By Aznan Mat Piah
Prof. Malik Badri, a distinguished professor in psychology, who passed away on 8 February 2021 at the age of 89, was an intellectual giant, who devoted the greater part of his life towards the academia leaving behind a legacy that many among academics and scholars from east and west, would cherish him as the father of modern Islamic psychology.
To commemorate his passing, IIUM intends to name a centre of psychology study after him and to establish a scholarship in his name so that his legacy in the field would remain high in the academic world. A collection of books, research works and conference papers authored by the illustrious scholar, which are treasures of knowledge and ideas, will find a suitable place in the university to be kept for reference of scholars, academics and students of psychology all over the world.
This move by the university would be part of the focus on remembering contributions of eminent scholars and thinkers from IIUM who had left us, whose contributions to knowledge would become a legacy to benefit the academia and society. It followed suggestions by IIUM President, Datuk Dr. Mohd. Daud Bakar, at “Remembering a Murabbi Session” held online on Monday (15 February).
Late Prof. Malik Badri is remembered as the father of modern Islamic psychology who brought Islamic thoughts that challenged conventional western psychological and human science theories and secular values in the likes of Freud, Skinner, Roger and Watson in cognitive, emotional and behavioural changes.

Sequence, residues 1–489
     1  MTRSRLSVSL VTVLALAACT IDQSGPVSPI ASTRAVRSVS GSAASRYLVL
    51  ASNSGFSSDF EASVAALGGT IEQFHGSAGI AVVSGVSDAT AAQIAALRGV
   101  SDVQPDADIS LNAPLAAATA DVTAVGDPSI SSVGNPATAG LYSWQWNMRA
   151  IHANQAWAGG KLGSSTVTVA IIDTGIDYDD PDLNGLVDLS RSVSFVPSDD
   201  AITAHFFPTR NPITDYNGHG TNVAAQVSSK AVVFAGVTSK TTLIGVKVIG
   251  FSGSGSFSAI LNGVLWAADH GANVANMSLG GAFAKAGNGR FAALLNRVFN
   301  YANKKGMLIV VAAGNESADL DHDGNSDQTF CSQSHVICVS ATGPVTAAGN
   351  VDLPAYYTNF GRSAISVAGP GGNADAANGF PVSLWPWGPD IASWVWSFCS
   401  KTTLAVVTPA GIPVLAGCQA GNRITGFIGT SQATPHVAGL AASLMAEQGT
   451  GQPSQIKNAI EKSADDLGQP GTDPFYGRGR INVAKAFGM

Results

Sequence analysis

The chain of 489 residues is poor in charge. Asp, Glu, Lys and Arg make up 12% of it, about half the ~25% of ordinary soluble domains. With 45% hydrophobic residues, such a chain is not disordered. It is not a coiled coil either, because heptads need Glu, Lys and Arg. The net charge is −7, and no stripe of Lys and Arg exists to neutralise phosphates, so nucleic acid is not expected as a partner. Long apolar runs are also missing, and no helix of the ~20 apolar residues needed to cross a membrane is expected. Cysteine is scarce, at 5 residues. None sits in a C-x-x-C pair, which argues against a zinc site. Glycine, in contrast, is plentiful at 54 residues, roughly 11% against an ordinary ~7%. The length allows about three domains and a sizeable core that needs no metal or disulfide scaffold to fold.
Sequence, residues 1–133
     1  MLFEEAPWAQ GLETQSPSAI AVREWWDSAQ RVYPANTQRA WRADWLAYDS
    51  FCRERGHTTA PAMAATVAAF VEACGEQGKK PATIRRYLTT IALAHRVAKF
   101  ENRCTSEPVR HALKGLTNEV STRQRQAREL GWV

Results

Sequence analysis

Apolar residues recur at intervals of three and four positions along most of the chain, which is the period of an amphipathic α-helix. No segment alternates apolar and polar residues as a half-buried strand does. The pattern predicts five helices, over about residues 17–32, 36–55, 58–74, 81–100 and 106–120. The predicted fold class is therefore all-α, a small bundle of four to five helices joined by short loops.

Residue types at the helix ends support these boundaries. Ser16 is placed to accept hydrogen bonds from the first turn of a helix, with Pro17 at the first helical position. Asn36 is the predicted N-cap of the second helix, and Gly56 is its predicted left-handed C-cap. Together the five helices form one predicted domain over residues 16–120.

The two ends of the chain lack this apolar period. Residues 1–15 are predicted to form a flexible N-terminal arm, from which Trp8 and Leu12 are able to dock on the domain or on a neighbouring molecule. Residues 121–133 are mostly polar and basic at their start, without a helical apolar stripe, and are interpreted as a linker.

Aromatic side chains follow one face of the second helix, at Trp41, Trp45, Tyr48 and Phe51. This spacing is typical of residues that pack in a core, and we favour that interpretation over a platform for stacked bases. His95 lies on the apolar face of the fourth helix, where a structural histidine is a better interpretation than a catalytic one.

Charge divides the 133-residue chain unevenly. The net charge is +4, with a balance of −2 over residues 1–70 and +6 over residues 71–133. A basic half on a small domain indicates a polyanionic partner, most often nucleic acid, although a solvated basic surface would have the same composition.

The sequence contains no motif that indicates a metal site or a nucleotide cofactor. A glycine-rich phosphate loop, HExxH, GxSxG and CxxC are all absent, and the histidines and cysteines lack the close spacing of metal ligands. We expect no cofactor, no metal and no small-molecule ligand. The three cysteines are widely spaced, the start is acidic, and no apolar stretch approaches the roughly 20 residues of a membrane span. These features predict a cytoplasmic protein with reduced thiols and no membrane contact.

His earlier book “The Dilemma of Muslim Psychologists” created the first major impetus of Islamisation of psychology movement. His other books are “AIDS Crisis”, “The Contemplation”, “Cyber-Counselling”, and “Cultural and Islamic Adaptation of Psychology”. His latest and final book before his passing titled “The Emotional Aspects in the Life of the Prophets”.
A person of humble personality, of great humility with a good sense of humour, reflective of good characteristics of a down-to-earth scholar, Prof. Malik Badri is remembered by his academic peers and scholars in the east and west as a teacher, a murabbi, a guru as ‘Malik’ or King of Islamisation of modern psychology.
One of his students is Prof. Shukran Abd Rahman who is now the Dean of Kulliyyah of Islamic Revealed Knowledge and Human Sciences (KIRKHS).
Joining IIUM as a visiting professor in 1991, Prof. Malik Badri spent almost 23 years in IIUM back and forth making Malaysia his home while travelling to other parts of the world to conduct research and present his views and ideas. Prof. Malik Badri was instrumental in the setting up of the International Association of Islamic Psychology. He had inspired scholars, academics and students as his research in the field was being spread by academics in countries like Russia, Australia, United Kingdom and the USA.